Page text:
# Physics

## Year 10 Physics

Physics gives us a deeper understanding of the world around us and allows us to making informed decisions about many complex issues that affect us all every day from global warming to which fuel to choose for the future.  Although it is taught with a practical bias we do cover a huge range of subject matter over the three-year course. Mathematical understanding and the ability to manipulate equations is essential for this subject.

## Facilities

Physics is taught in a new bespoke physics laboratory and is of course taught by subject specialists who have enthusiasm for the subject matter.

## Autumn Term

Astronomy
Recall that our Solar System consists of the Sun (our star), eight planets and their natural satellites (such as our Moon); dwarf planets; asteroids and comets
Describe how ideas about the structure of the Solar System have changed over time
Explain for circular orbits how the force of gravity can lead to changing velocity of a planet but unchanged speed
Compare the Steady State and Big Bang theories
Explain why the red-shift of galaxies provides evidence for the Universe expanding
Describe the evolution of stars of similar mass to the Sun
Describe the evolution of stars with a mass larger than the Sun
Describe how methods of observing the Universe have changed over time including why some telescopes are located outside the Earth’s atmosphere
Forces doing work
Draw and interpret diagrams to represent energy transfers
Describe how to measure the work done by a force and understand that energy transferred (joule, J) is equal to work done (joule, J) work done (joule, J) = force (newton, N) × distance moved in the direction of the force (metre, m)
∆GPE = m× g ×∆h
kinetic energy (joule, J) = 2 1 × mass (kilogram, kg) × (speed)2 ((metre/second)2, (m/s)2)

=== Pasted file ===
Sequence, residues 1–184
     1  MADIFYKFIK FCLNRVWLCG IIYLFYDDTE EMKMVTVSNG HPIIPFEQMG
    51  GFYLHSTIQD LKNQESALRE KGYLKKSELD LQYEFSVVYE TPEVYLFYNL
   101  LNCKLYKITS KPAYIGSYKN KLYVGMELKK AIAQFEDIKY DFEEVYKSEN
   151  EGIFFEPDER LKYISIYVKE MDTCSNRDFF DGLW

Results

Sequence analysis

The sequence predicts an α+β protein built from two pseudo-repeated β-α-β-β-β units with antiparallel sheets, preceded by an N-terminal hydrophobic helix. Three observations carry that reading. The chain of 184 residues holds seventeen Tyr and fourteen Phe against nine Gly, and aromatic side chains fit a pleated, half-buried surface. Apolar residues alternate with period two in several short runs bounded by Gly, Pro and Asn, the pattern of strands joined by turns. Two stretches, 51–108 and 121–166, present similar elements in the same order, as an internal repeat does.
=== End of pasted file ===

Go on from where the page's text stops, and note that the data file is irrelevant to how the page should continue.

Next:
Define power as the rate at which energy is transferred and use examples to explain this definition power (watt, W) = work done (joule, J) ÷ time taken (second, s) calculate efficiency

## Spring Term

Forces and their effects
Describe, with examples, how objects can interact
Use vector diagrams to illustrate resolution of forces, a net force, and equilibrium situations
Recall and use the principle of moments in situations where rotational forces are in equilibrium
Explain how levers and gears transmit the rotational effects of forces
Explain ways of reducing unwanted energy transfer through lubrication
Electricity and circuits
Draw and use electric circuit diagrams representing them with the conventions of positive and negative terminals, and the symbols that represent cells, including batteries, switches, voltmeters, ammeters, resistors, variable resistors, lamps, motors, diodes, thermistors, LDRs and LEDs
Describe the differences between series and parallel circuits
Explain that potential difference (voltage) is the energy transferred per unit charge passed and hence that the volt is a joule per coulomb
E = Q×V
Explain that an electric current as the rate of flow of charge and the current in metals is a flow of electrons
Q = I ×t
V = I × R
Explain why, if two resistors are in series, the net resistance is increased, whereas with two in parallel the net resistance is decreased
Calculate the currents, potential differences and resistances in series circuits
Explain how current varies with potential difference
E = I ×V ×t
Explain how the power transfer in any circuit device is related to the potential difference across it and the current in it
P = I ×V
P = I2 × R
Explain the difference between direct and alternating voltage
Explain the function of an earth wire and of fuses or circuit breakers in ensuring safety
Explain the dangers of providing any connection between the live wire and earth

## Summer Term

Static electricity
Explain how an insulator can be charged by friction, through the transfer of electrons
Explain common electrostatic phenomena
Explain how earthing removes excess charge by movement of electrons
Describe some of the dangers of sparking in everyday situations, including fuelling cars, and explain the use of earthing to prevent dangerous build-up of charge
Describe the shape and direction of the electric field around a point charge and between parallel plates and relate the strength of the field to the concentration of lines
Magnetism and the motor effect
Explain the difference between permanent and induced magnets
Describe the use of plotting compasses to show the shape and direction of the field of a magnet and the Earth’s magnetic field
Recall that the strength of the field depends on the size of the current and the distance from the long straight conductor
Explain that magnetic forces are due to interactions between magnetic fields
Recall and use Fleming’s left-hand rule to represent the relative directions of the force, the current and the magnetic field for cases where they are mutually perpendicular
F = B× I ×l